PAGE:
Letters for August 22, 2013

SN&R wrong on NSA surveillance

Re “NSA surveillance necessary” (SN&R Editorial, August 15):

I think that you've completely missed the point. We don't know whether this kind of surveillance is necessary or not, because the government hid the program and then lied about it, and continues to lie about it. You swallowed the 54-terrorist-threats myth hook, line and sinker. Many reputable news sources have discounted this statistic. … Our government is out of control, and we seem helpless to bring it under control. That is the point. If the government actually felt and had proof that the program was necessary, they could have explained that to the American people and gained their support. That they lied and continue to lie about it says that they know this is not true—rather, that it is an unacceptable intrusion on our freedom that would not be tolerated by the American people.

Dan Allison


Damaging to democracy

Re “NSA surveillance necessary” (SN&R Editorial, August 15):

Perhaps you should stick to subjects you have expertise in, like Sacramento food and music. Clearly, you haven’t stayed up-to-date in the [National Security Agency] spying revelations when writing your courageous, unsigned editorial. …

You state that wiretapping is not happening without court approval. As we have learned, court approval is often overbroad. Court approval can often target keywords or behaviors, rather than just individuals. Edward Snowden said, “I, sitting at my desk could wiretap anyone, from you or your accountant, to a federal judge or even the president, if I had a personal email.”

And speaking of courts, should we actually be satisfied with the Foreign Intelligence Surveillance Court? They are a secret court, and have denied only 11 out of over 33,000 requests since 1979. One such request, renewed every three months, gives access to all call records from Verizon, foreign and domestic. …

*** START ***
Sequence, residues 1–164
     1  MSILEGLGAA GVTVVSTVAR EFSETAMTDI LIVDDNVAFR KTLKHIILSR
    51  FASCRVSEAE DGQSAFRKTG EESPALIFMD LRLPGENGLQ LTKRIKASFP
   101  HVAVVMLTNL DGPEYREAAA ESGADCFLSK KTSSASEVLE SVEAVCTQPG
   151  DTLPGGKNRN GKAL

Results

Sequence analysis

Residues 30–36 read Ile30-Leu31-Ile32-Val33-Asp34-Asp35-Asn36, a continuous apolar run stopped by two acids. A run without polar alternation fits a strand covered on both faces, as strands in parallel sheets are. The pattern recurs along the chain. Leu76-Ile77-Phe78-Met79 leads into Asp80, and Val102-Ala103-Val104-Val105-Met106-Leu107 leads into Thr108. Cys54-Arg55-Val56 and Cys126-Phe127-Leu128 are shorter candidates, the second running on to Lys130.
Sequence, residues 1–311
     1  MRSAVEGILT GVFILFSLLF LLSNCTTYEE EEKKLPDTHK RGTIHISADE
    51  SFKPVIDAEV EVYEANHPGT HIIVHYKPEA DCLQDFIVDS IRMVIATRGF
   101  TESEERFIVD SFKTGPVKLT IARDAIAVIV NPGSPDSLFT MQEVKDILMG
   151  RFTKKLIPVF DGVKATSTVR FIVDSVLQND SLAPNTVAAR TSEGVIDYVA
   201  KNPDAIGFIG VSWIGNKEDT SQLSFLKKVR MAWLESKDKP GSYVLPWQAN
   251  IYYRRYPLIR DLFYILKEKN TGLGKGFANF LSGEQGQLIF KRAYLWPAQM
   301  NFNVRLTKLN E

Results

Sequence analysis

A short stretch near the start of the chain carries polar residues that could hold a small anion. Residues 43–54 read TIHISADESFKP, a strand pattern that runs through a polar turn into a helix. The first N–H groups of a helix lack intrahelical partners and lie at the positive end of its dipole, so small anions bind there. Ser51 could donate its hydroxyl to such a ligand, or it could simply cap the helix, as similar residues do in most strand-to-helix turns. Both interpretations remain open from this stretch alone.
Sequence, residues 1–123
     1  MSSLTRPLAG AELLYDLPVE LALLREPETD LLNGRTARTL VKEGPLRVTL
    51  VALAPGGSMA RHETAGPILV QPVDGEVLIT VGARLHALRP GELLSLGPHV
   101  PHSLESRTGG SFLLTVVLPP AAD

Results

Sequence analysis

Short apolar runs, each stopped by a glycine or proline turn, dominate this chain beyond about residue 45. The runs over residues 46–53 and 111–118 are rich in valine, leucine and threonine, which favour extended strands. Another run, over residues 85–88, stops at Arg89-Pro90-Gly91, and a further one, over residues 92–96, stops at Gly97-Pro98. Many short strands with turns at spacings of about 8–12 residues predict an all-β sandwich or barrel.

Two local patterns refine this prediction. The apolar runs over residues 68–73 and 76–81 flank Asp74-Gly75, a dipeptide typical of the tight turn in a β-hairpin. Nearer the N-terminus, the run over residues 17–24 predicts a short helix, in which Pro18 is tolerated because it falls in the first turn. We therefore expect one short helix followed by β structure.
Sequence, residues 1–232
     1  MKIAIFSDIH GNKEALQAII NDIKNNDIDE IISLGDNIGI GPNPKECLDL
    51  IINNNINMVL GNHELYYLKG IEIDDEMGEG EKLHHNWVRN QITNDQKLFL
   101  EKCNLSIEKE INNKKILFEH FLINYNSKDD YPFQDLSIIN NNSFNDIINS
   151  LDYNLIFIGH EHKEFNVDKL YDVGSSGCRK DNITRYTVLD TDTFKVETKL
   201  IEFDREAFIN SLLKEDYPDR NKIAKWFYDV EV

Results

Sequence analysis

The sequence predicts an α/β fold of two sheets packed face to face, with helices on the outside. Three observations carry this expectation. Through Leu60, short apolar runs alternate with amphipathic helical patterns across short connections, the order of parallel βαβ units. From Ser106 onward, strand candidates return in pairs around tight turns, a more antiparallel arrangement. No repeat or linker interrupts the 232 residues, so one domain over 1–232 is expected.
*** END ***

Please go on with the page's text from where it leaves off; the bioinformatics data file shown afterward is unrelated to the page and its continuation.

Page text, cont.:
Do some research before you put ink to paper on issues that matter again. Your misinformation is damaging to democracy.

Stu Chuang Matthews

via email

Weed in West Sac

Re “What’s up with West Sacramento’s outdoor medical-marijuana garden ban?” by Ngaio Bealum (SN&R The 420, August 8):

Ngaio Bealum states, “[C]ities shouldn’t be able to ban a small medical garden.” I won’t even go into the subject of how most “gardens”—at least in my neck of the woods—have nothing to do with medicine or with being small. I also find it a curious statement, given California is skirting federal law. I guess Ngaio and his buds (pun intended) are lucky the feds don’t say, “States shouldn’t be able to ignore federal law regardless of what the citizens of those states want.” That argument can cut both ways, my friend. Enjoy your weed!

Jack Hamlin

via email

Forget arena nonsense

Re “Sacramento should vote on the arena” (SN&R Editorial, August 1):

Some weeks back, I signed a petition demanding that the proposed new downtown arena be put to a vote by the citizens of Sacramento. I signed on because I see that as a basic principle, before our elected officials commit to a project of this magnitude, we the people should have an opportunity to have our voices heard.

Now there’s a campaign to get people who signed that petition to withdraw their signatures. … Yesterday, someone left a slick, full-color door hanger [flier] on my door, urging me to withdraw my signature from the original petition, and included a postcard I could send in to do so. The name of the sponsoring organization is given as “DowntownArena.org,” but who is that? It couldn’t have been cheap to print up thousands of these fancy door hangers and distribute them all over the city, so there must be some deep pockets behind this effort, too, but I don’t see them putting their names out in public.

So, let’s forget all this nonsense about who funded which petition for what motives, and stick to the point: Should the citizens of Sacramento have a say in whether the city moves forward with this enormous and controversial project? I think we should.

David Urman

via email